Four years before Sex and the City would premiere, NBC launched Friends, a sitcom about six twentysomethings figuring out life — and drinking freakish amounts of coffee — in New York City. And not only did the women of Friends talk about sex, but they had sex, something that might not sound revolutionary today but wasn’t necessarily commonplace on television in 1994 — so much so that the network tried to stop one story from hitting the screen.
In the Friends pilot, Monica Geller (Courteney Cox) goes on her first date with Paul the wine guy and ends up sleeping with him. “When we were doing the pilot, Don Meyer, who was then the head of NBC, took real issue with the fact that Monica sleeps with a guy on the first date. He said, ‘We’re not going to like her!’ But we really held our ground on it.”
Thankfully, director James Burrows planned to have a live audience for the network run-through, as Crane put it, “so you can hear what’s working.” And NBC saw the pilot run-through as an opportunity to get some feedback. “The network gave the audience a questionnaire that was so skewed,” Crane remembers. “It basically said: ‘When she does this, is she a trollop? Is she a slut?'”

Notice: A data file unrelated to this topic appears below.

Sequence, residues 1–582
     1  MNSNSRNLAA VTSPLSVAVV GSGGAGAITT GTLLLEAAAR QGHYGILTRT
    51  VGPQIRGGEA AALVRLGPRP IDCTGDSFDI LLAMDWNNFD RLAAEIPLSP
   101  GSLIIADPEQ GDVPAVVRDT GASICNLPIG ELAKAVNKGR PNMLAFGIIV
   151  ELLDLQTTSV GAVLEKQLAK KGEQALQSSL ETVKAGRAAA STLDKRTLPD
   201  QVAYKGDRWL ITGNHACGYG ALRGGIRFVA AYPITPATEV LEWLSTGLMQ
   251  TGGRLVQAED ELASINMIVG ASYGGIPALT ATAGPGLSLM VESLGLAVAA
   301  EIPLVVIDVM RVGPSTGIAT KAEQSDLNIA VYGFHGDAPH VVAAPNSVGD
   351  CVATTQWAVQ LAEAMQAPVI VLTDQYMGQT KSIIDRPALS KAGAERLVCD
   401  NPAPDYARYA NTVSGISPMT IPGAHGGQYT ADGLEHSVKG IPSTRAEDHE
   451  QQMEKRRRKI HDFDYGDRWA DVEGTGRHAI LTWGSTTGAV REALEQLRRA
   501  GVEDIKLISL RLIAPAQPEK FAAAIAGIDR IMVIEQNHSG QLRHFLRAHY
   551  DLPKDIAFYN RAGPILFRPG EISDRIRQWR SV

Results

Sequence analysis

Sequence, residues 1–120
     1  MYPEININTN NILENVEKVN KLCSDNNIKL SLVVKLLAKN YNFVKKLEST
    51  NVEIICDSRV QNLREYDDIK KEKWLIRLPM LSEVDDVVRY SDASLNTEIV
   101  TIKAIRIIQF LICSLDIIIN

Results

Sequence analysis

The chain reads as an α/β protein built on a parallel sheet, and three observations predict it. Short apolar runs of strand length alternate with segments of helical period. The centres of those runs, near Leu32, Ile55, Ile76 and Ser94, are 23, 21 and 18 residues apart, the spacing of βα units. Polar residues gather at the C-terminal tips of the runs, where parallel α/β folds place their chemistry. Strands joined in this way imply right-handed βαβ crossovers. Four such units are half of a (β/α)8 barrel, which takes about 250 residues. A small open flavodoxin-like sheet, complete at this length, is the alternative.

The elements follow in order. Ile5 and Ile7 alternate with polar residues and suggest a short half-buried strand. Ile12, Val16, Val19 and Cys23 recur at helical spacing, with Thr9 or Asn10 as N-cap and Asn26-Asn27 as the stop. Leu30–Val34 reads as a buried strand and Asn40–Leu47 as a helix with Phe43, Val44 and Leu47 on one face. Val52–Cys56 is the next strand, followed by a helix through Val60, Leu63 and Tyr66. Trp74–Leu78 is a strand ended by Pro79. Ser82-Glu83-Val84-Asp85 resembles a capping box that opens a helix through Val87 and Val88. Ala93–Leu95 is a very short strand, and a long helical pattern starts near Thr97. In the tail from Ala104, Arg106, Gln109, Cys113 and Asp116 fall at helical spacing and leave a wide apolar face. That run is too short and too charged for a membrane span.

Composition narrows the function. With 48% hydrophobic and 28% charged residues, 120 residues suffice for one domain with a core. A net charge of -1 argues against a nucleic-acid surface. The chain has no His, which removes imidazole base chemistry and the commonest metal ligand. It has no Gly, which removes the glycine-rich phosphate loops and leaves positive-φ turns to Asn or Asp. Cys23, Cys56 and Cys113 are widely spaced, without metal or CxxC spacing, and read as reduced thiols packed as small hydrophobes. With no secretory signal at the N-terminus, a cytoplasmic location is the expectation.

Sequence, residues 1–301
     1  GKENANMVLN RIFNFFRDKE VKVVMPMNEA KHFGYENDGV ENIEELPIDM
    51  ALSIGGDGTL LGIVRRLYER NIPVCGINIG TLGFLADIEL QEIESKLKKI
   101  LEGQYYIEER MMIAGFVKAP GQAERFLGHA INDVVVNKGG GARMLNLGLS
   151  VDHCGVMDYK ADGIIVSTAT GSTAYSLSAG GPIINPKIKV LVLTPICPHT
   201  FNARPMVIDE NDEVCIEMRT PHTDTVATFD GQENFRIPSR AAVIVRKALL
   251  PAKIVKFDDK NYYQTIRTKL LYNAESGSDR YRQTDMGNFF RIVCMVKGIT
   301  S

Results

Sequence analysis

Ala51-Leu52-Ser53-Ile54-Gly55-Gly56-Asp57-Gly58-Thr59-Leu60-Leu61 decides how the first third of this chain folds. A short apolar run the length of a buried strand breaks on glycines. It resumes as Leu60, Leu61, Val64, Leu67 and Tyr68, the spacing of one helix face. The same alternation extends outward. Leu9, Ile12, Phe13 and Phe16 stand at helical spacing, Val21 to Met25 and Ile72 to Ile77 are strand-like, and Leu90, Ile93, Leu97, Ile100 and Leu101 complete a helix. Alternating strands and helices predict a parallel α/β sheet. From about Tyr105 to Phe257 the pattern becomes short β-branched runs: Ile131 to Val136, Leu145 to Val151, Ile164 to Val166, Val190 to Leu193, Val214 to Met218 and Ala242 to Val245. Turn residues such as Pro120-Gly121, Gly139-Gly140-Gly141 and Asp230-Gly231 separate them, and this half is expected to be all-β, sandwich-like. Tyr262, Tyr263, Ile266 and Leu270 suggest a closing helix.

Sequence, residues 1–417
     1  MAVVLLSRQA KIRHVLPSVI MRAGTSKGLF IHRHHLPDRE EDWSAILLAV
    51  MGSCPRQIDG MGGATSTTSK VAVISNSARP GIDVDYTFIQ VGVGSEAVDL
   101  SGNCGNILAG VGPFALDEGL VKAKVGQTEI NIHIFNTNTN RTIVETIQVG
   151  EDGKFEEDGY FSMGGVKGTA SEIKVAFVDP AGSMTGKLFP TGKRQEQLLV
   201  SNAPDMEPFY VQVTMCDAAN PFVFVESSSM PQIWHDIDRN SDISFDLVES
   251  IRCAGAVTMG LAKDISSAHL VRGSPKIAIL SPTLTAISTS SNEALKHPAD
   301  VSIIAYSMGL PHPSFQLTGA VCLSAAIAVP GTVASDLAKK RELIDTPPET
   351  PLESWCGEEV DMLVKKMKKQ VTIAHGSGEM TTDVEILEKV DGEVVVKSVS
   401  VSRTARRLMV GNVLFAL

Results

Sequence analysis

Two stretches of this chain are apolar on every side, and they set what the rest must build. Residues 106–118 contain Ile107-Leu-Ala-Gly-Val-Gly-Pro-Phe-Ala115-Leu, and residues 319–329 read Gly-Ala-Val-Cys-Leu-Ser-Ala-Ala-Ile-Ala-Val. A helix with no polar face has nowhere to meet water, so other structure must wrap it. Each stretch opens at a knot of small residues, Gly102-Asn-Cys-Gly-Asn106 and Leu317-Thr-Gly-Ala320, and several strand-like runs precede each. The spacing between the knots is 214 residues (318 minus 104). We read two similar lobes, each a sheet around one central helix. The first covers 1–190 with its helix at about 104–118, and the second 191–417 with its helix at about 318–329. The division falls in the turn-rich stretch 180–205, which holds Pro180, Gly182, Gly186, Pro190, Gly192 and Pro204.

But the result was not what the network expected. “The audience all came back with, ‘No, we still like her,'” Crane says. “Then Don got on board because he said, ‘Well I’m okay with it because she gets what she deserves when the guy sort of screws her over.'” Remember: After sleeping with Paul, Monica discovers that his claim that he hasn’t had sex in two years is a line he’s used before to get women into bed.
“I could see the steam coming out of [co-creator] Marta’s [Kauffman] nose,” Crane says in reference to Meyer’s comment. “And I’m tap-dancing going, ‘But you’re okay with it! So if you’re okay with it then we’re good, let’s move on, yay!'”
And in the end, the entire story made it into the pilot.